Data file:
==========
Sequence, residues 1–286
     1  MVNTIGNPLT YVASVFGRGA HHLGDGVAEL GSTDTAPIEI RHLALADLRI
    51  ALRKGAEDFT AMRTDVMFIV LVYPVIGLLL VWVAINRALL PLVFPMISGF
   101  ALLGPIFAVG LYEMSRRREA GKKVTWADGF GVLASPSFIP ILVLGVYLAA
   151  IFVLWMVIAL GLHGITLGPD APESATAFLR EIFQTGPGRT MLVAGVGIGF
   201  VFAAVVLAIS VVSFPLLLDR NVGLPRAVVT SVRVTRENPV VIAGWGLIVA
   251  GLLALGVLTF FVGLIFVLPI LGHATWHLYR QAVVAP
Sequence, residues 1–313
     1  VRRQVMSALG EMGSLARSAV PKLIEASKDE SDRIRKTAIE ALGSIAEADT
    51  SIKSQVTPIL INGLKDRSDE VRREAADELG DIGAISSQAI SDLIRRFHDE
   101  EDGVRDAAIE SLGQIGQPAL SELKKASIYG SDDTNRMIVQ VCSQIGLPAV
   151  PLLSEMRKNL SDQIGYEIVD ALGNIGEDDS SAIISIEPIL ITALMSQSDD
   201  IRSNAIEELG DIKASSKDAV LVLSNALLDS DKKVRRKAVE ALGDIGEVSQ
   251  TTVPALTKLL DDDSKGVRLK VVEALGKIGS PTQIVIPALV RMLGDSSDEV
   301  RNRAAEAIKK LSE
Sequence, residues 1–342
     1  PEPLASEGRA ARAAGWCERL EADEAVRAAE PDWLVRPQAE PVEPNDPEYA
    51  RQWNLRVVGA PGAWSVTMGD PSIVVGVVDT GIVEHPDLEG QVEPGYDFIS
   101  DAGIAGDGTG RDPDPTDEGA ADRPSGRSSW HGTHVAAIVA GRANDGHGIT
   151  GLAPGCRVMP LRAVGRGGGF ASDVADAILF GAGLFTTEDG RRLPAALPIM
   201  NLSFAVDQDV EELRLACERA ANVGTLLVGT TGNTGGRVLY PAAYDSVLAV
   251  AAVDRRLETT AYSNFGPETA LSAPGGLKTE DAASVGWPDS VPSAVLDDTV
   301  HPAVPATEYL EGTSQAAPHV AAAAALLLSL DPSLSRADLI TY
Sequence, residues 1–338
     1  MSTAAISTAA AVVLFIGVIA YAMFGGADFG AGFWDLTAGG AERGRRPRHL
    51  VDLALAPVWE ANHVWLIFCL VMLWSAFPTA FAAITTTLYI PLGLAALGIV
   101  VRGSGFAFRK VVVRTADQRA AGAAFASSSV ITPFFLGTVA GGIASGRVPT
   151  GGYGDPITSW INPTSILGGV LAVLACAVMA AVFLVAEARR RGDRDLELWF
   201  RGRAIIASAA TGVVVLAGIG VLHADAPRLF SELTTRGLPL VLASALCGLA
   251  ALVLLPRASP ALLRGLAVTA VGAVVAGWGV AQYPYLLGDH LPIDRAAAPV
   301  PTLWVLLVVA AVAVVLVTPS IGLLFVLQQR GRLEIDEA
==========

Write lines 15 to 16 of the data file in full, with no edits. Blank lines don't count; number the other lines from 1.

   301  RNRAAEAIKK LSE
Sequence, residues 1–342